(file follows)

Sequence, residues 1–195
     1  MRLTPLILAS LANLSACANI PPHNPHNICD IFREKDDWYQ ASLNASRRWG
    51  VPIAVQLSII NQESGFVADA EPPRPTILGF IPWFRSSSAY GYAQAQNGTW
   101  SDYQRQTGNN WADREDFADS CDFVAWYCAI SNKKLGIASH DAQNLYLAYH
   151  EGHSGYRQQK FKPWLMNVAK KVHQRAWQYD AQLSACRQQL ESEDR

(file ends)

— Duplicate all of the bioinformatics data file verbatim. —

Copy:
Sequence, residues 1–195
     1  MRLTPLILAS LANLSACANI PPHNPHNICD IFREKDDWYQ ASLNASRRWG
    51  VPIAVQLSII NQESGFVADA EPPRPTILGF IPWFRSSSAY GYAQAQNGTW
   101  SDYQRQTGNN WADREDFADS CDFVAWYCAI SNKKLGIASH DAQNLYLAYH
   151  EGHSGYRQQK FKPWLMNVAK KVHQRAWQYD AQLSACRQQL ESEDR